Hemp in Early America


Hemp became an indispensable crop to early America after the First Continental Congress created the Continental Association on October 20th, 1774. In part, the document creating that association read;

  • 1. That from and after the first day of December next, we will not import, into British America, from Great-Britain or Ireland, any goods, wares, or merchandise whatsoever, or from any other place, any such goods, wares, or merchandise, as shall have been exported from Great-Britain or Ireland; nor will we, after that day, import any East-India tea from any part of the world; nor any molasses, syrups, paneles [brown unpurified sugar], coffee, or pimento, from the British plantations or from Dominica; nor wines from Madeira, or the Western Islands; nor foreign indigo. ( Journals of the Continental Congress, 1774-1789 ) The Colonists simply decided to cease trade with the British and become self-sustaining.

Early Writings

— An anonymous farmer, in 1775, made reference to that Continental Association as he addressed the necessity of Hemp Cultivation in “This Essay“. Following is an excerpt from that essay;


AS it has been thought requisite, by a continental associa∣tion, to put a stop to the importation of manufactures into America, it is absolutely necessary to fall speedily on some effectual method to furnish, at least, the coarsest articles of our cloathing.

OUR country produces wool, cotton, hemp and flax, mate∣rials amply sufficient to answer every demand of necessity and convenience. The quantity may be increased by attention and diligence, and wrought up with a degree of skill easily attainable.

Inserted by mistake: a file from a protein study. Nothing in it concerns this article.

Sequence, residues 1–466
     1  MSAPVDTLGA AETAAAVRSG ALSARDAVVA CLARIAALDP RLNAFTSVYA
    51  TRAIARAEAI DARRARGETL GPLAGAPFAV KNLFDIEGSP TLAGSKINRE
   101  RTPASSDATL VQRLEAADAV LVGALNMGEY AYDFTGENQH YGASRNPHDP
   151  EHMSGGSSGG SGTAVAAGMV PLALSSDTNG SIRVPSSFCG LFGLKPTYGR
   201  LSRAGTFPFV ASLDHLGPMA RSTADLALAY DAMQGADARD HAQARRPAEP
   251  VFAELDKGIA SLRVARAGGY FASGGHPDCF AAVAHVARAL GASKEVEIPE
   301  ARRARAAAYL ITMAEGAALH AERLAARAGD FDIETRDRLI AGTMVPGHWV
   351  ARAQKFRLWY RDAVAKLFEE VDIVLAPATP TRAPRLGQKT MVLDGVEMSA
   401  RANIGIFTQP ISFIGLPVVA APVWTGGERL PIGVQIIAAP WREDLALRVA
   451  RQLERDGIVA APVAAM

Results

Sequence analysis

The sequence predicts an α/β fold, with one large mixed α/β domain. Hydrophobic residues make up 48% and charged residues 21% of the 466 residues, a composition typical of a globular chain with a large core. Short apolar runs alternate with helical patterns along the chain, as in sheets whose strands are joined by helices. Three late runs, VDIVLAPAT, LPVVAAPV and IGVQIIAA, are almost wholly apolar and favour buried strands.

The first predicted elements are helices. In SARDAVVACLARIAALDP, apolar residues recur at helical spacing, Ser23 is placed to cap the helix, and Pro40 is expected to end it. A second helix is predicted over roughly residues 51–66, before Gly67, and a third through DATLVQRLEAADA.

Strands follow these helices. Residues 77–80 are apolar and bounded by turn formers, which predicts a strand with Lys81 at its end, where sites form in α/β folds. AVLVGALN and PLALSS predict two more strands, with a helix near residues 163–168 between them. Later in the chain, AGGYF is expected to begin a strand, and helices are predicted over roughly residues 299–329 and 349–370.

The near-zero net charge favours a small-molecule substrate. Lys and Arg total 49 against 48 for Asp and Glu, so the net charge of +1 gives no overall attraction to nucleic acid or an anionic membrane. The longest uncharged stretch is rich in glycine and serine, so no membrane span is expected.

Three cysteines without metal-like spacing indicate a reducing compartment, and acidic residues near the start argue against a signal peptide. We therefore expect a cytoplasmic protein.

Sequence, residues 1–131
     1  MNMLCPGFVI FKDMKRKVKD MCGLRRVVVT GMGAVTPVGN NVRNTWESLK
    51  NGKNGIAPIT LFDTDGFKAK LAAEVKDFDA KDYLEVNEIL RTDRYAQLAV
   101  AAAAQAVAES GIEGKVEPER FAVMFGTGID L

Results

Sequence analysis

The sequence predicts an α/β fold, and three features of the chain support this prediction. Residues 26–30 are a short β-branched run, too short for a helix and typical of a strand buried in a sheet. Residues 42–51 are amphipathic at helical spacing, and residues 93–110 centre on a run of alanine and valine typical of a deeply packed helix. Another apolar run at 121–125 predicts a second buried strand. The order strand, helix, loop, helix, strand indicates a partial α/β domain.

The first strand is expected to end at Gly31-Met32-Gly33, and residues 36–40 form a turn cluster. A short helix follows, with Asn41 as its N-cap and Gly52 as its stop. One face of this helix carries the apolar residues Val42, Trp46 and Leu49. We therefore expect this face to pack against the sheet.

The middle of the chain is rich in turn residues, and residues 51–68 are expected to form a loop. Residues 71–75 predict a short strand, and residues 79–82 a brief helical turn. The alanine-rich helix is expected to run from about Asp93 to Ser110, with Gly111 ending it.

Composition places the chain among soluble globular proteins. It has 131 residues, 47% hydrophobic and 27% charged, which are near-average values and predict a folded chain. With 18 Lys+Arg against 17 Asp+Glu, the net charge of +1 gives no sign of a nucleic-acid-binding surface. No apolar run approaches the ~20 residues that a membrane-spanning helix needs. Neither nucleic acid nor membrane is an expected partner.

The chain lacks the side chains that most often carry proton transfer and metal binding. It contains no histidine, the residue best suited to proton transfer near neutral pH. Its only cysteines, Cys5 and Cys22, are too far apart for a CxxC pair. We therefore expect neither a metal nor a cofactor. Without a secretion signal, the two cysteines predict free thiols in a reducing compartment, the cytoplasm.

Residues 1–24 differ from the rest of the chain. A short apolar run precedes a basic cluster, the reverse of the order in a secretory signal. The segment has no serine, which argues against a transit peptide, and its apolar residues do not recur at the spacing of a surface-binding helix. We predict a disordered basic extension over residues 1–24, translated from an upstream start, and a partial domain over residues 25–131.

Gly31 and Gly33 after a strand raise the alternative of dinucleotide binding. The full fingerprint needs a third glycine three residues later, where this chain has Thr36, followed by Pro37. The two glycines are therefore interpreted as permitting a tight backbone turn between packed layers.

WE see already many families, scattered throughout these provinces, almost entirely cloathed in their own home-spun manufactures; why therefore should any of us despair of ac∣complishing that which is actually practised, before our eyes, by so many?

BY beginning with coarse manufactures we shall begin at the right end, we shall, every succeeding year, improve upon the past, and, after a fair exertion of the means in our power, we shall look back, with wonder and astonishment, at our present apprehensions.

This Essay goes on to explain how to plant, husband and reap cannabis. It describes projected yields, compares Hemp with other crops and makes recommendations for rotation.

— An Edward Antill wrote “OBSERVATIONS on the raising and dressing of HEMP”. This link is to an Antill Family page. In it, this Essay is claimed to be referenced in the Transactions of the American Philosophical Society, 2nd Edition, 1789, pp267-273. The opening statement in this essay is:

“HEMP is one of the most profitable productions the earth furnishes in northern climates; as it employs a great number of poor people in a very advantageous manner, if its manufacture be carried on properly: It may also furnish a ready remittance to the mother country, and become a reciprocal advantage to both; and therefore it becomes worthy of the serious attention of the different legislatures of the northern colonies, of every trading man, and of every man, who truly loves his country.

Hemp Helped Build America

George Washington, Thomas Jefferson, and many others produced Hemp as a staple crop. Hemp, just as cotton, tobacco and corn, helped get early America through the Revolutionary War and others that followed. Our early Navy sailed with Hemp rope for rigging. Some of the sails were even made of Hemp.

Hemp is interwoven into the fabric of America, yet is has been criminalized and demonized. What other, staple agricultural crop in America’s history can that be said about?

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